Tradition Be Damned.

Tradition Be Damned.

My clients and friends in Italy find it hard to believe that the United States enacted a nationwide constitutional ban on the production, importation, transportation and sale of alcoholic beverages for twelve years. I no longer drink alcohol, but I’m told if I move to Italy they will kick me out of the country if I don’t at least hold a glass of red wine at dinner. 😀

In 1933, when the 21st Amendment repealed the 18th Amendment and Prohibition ended, the alcohol industry adopted a three-tier system, separating manufacturers, distributors and licensed outlets. As such, alcohol producers are only allowed to sell their products to licensed importers, distributors and control boards, which in turn are only allowed to sell to licensed outlets, like liquor stores, bars and restaurants. The entire industry has operated under this complex system in order to ensure a legal and competitive marketplace while protecting against any future threats of bringing back Prohibition. In a quest for more growth, unfortunately, and because consumers don’t really give a hoot about an old industry’s traditions, the lines are blurring.

Bud Light has added cola and orange soda to its seltzer. Mountain Dew, owned by Pepsi, has launched an alcoholic beverage in collaboration with The Boston Beer Company. You can’t make this stuff up. Coors, a large beer manufacturer, now has a whiskey brand. All of this frightens the dickens out of the traditionalists who have held up the industry standard for 88 years.

In a hunt for their share of the $4.3 billion U.S. hard seltzer market, Pepsi announced it will use its distribution power to ship alcoholic Mountain Dew and other beers and spirits. This newcomer will destroy the status quo and challenge states to regulate what falls into what category and where each product can be sold. Regulators have already cried foul, following the announcement of HARD MTN DEW alcoholic beverage, which could be extremely confusing to younger consumers who have long recognized the Mountain Dew brand as a soft drink.

Pepsi is directly trying to sidestep the law that prevents manufacturers from distributing their own products and will tear a huge and very profitable hole in the oligopoly of beer distributors, dominated by Anheuser-Busch InBev and Molson Coors.

This same scenario is playing out in every industry. Four huge meat processors control 85% of the market in the United States. A few huge airlines, hotel brands and auto manufacturers have the same massive amount of control over their respective industries. Even the electricity industry in the United States is controlled by a small handful of very large and powerful players.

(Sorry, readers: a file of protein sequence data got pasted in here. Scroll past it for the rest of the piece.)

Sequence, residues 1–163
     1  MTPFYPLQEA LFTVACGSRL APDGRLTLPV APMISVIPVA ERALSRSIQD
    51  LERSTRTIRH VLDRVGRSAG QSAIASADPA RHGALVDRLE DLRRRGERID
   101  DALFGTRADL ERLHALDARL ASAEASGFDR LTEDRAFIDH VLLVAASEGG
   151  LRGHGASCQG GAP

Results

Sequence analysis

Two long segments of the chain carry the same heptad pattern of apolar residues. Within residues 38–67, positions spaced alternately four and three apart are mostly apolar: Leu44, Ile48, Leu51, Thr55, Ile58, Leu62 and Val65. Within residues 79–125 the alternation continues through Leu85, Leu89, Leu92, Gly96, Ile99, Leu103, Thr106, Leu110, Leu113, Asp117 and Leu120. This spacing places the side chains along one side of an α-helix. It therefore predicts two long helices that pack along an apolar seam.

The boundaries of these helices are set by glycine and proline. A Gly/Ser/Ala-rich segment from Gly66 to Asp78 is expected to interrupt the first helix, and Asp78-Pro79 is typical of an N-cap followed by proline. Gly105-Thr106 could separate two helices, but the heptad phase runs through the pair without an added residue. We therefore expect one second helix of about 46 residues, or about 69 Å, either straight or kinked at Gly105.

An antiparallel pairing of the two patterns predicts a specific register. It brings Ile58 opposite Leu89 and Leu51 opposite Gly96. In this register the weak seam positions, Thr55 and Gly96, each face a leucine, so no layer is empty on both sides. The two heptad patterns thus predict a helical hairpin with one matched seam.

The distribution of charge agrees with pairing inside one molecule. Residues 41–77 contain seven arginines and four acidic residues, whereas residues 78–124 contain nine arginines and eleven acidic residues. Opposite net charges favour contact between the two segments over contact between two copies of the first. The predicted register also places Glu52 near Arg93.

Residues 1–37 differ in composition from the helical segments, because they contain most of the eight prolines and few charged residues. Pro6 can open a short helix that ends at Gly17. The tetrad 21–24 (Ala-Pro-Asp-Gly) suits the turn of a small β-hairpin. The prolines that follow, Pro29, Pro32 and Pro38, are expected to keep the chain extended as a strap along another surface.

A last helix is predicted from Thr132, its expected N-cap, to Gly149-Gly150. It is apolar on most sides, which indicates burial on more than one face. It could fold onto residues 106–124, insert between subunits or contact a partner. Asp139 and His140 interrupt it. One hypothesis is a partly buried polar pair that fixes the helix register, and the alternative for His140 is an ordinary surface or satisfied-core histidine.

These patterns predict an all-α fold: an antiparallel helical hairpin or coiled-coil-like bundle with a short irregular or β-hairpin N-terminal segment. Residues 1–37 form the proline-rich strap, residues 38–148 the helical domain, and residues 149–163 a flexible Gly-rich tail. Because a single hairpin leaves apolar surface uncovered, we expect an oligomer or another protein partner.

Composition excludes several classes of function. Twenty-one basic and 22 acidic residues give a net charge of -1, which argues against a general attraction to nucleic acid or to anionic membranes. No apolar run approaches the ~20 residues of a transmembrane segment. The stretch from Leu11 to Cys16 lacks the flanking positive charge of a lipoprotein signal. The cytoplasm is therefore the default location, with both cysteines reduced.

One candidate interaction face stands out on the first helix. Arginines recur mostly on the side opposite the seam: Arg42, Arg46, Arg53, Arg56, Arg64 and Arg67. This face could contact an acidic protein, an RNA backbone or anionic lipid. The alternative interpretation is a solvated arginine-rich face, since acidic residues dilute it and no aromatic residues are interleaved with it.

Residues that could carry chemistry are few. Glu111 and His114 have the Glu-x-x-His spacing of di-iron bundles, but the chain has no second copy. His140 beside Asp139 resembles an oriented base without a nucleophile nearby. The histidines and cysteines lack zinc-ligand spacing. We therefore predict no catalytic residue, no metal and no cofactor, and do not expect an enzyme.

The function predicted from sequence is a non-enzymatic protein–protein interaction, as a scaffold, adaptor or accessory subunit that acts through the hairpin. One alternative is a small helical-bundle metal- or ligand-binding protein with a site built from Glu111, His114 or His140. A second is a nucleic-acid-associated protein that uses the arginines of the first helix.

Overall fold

It’s happening in dentistry and the profession’s specialties just like it happened in medicine 20 years ago. It’s slowly happening to my friends and clients in the audiology space. Deregulation and consolidation always seek efficiency. But, in the words of my podcast guest and Dean Emeritus at the Rotman School of Management, Roger Martin, there is always an optimal amount of slack in any system and it is never zero.

I’m working hard to teach our members at Burleson Seminars this powerful dictum: do not allow the pursuit of efficiency and profit to cloud the importance of sustainability.

Pepsi might fly too close to the sun with their sidestepping. The regulatory consequences are steep. Have we all already forgotten that Juul paid $40 million in fines for marketing to minors? We all have short memories. That was six months ago. Does Pepsi not see the same thing brewing (pun intended) with alcoholic Mountain Dew?

In this last update of the year, you deserve something important and meaningful as a preview of what I’ll be hammering home in a big and important way next year. So here it is, Faithful Reader:

We must stop thinking something is good if it is merely enjoyable, comfortable or profitable. We must hold ourselves to a higher standard. I have nothing against happiness, comfort and profit, but we must also do what is honorable, sustainable and compassionate.

The right objectives are often in conflict with the path of least resistance and traditions aren’t always meant to be broken. Keep the main thing the main thing and you’ll live a life of foundational joy, fulfillment and abundance. Woe the day we insist all tradition be damned.

Worked at Burleson Orthodontics. Attended University of Missouri–Kansas City. Lives in Kansas City, Missouri.